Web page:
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Monday, March 20, 2017

The "Beethoven's Last Bow" Story

Chuck Berry
It was a ordinary day.  Couldn't believe the news when I saw it: Chuck Berry, the singer, songwriter and guitar great who practically defined rock music with his impeccably twangy hits "Maybellene," "Roll Over Beethoven," "Memphis," "My Ding-a-Ling" and "Sweet Little Sixteen," has died.  He was 90.  Now, making it to 90 isn't anything to sneeze about, but being one of the top 5 guitarists of all time and being one of my favorites, well, that's enough to make you sneeze and cough at the same time.  I remember when John Lennon (remember him?) said, "If you tried to give rock and roll another name, you might call it 'Chuck Berry.'"  
Chuck doing his "Duck Walk" move.
He, along with Duane Eddy (of Rebel Rouser fame), caused me to give up playing my accordion and buy a guitar.  My parents weren't very happy about it, but the neighbors, Deb and Bob, in the other half of our semi-detached home, must have loved it.  I bought a book on how to teach yourself how to play the guitar and I sat, hour after hour, in my second-floor bedroom trying to learn the basic chords so I could sing along with Chuck.  So where does Duane Eddy come in?  He was known as the "Twanger" due to his signature way of playing the guitar and I naturally had to paint "Twanger" on the pick guard of my new guitar.  Could I sing?  Yeah!  Heavens, I was in the boy's choir at St. James Episcopal Church and sang solo a few times during the four or five years I was in the choir before my voice began to change.  

Also sang duets with my dad in the men's choir a few times.  My only solo gig was about a dozen years ago while singing "Amazing Grace" at a retirement home where perhaps half the attendees might have been dozing off.  My biggest problem was that I was SHY.  And, being a rock star while being shy don't go together.  Anyway, I was a rock star like Chuck Berry in my bedroom.  I loved the way he moved across the stage, hunched down, doing his one-legged "duck walk," as we sang one of his greatest hits together.  Put my 45RPM record on my desktop record player and picked my guitar as I listened to his stunning tone.  The more I learned and played, the more I realized how hard it was to play the guitar without looking at the frets as Chuck could do.  Mom and dad didn't care much for him since he was arrested in high school for stealing a car and robbing convenience stores at gunpoint.  But, they didn't care for Duane Eddy either or the fact that I ruined my good guitar by painting "Twanger" on it.  As soon as I turned 16 I got a job at a local department store working in the record department.  Loved the job since I had the chance to buy Chuck's records before anyone else.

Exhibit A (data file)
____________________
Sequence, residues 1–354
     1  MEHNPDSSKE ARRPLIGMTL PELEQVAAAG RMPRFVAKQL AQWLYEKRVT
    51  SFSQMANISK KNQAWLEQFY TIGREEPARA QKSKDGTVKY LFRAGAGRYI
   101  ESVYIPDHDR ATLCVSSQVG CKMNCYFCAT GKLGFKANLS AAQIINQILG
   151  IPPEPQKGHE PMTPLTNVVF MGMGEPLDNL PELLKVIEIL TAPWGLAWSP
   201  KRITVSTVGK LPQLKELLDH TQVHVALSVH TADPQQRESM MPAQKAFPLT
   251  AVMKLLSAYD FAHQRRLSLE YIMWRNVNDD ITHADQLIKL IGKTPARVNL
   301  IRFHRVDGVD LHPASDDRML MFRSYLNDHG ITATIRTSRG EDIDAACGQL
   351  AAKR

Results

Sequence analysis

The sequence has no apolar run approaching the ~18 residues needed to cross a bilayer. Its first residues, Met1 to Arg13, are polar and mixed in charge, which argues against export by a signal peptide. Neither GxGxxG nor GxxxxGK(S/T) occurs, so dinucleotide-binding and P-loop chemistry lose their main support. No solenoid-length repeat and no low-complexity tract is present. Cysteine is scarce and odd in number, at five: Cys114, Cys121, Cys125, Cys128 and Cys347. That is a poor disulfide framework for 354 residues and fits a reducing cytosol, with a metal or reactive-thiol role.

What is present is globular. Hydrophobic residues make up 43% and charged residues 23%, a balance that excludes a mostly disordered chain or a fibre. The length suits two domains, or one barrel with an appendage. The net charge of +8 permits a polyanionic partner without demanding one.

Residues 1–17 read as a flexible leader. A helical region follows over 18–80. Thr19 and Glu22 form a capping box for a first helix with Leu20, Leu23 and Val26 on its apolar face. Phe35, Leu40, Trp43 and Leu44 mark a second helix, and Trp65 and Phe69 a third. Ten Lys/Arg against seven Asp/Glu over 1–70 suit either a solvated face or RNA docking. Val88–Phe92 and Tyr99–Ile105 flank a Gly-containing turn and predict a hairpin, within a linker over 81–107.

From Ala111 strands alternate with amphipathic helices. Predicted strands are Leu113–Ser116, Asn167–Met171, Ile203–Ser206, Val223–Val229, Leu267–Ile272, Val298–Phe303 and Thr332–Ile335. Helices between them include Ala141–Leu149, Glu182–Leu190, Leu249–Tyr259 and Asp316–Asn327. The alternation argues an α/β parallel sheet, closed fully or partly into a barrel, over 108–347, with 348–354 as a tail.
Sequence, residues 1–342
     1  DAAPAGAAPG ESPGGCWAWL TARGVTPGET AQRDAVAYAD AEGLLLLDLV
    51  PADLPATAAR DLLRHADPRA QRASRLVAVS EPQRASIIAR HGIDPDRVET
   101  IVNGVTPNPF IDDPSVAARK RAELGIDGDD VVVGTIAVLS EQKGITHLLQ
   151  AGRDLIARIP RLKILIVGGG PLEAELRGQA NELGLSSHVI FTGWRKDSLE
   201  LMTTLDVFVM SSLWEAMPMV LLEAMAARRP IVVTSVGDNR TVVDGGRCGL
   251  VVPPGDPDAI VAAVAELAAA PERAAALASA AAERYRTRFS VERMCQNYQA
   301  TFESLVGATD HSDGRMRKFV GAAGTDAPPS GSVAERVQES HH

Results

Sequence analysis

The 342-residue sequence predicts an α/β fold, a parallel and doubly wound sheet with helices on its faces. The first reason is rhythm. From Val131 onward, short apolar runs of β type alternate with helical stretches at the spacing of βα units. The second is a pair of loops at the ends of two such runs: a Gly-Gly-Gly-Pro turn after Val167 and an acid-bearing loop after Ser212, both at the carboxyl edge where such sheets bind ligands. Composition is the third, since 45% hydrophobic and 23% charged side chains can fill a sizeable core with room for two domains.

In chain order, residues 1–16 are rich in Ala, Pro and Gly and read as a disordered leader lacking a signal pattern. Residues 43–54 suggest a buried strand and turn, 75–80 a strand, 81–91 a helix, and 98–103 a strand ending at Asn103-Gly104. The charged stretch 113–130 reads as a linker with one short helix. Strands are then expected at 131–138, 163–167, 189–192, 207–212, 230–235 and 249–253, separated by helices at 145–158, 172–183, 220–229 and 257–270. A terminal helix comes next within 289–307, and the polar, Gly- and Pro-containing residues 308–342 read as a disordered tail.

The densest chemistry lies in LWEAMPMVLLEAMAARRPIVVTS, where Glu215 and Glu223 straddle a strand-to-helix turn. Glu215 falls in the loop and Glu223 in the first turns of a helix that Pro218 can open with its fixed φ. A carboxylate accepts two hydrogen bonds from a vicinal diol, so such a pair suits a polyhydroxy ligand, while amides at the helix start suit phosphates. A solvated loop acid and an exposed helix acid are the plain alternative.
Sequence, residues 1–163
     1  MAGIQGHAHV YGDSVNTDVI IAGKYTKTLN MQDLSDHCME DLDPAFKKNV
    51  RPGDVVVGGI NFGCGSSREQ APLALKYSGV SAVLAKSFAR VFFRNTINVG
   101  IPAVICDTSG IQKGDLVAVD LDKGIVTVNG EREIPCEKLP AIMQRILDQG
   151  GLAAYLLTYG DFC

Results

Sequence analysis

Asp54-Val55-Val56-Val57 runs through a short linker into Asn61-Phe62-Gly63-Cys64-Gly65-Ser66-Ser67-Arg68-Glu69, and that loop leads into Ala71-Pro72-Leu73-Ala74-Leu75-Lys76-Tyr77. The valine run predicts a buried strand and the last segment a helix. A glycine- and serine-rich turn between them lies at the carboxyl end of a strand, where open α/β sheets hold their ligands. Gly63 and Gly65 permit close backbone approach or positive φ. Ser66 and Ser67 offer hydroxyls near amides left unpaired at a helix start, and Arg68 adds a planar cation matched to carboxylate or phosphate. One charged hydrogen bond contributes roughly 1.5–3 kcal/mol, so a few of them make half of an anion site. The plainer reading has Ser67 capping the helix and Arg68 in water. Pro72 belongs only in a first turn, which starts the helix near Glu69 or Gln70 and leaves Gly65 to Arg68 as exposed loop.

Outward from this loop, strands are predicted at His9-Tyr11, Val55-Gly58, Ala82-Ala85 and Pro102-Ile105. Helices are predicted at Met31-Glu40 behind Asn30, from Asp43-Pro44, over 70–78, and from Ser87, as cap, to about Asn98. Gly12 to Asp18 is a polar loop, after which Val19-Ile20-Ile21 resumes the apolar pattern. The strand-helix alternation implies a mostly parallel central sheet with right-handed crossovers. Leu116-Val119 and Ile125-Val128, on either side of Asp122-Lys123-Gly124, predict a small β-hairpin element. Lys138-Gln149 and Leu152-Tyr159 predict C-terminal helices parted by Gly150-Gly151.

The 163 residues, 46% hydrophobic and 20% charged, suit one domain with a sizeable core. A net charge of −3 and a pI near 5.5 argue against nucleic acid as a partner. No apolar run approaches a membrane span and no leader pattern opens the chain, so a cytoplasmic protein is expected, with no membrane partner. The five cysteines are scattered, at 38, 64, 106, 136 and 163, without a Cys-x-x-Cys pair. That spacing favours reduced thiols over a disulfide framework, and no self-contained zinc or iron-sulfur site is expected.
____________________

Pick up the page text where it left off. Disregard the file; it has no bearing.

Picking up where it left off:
Early photo of Chuck Berry
Chuck Berry became the first inductee into the Rock and Roll Hall of Fame and entered the Blues Foundation's Blues Hall Of Fame and earned a Grammy Lifetime Achieve- ment Award in 1985.  The reports online and in the newspaper tell of his most famous songs being "Roll Over Beethoven," "My Ding-a-Ling" and "Johnny B. Goode."  Not sure I totally agree since "No Particular Place To Go," "Nadine," Reelin' & Rockin'," "Maybelline" and "Rock and Roll Music" all are equally as good to me.  Chuck Berry, the legend, contributed three things to rock music: his irresistible swagger, his focus on the guitar riff as the primary melodic element and his emphasis on songwriting as storytelling.  Oh yeah, the five greatest guitarist of all time were: #1 Jimi Hendrix, #2 Jimmy Page of Led Zepplin, #3 Keith Richards of Rolling Stones, #4 Eric Clapton and #5 Chuck Berry.  A close #6 would have to be "The No Hit Wonder, LDub, the 'Twanger'."  It was another extraordinary day in the life of an ordinary guy.

PS - check out the Chuck Berry songs on this YouTube Video.







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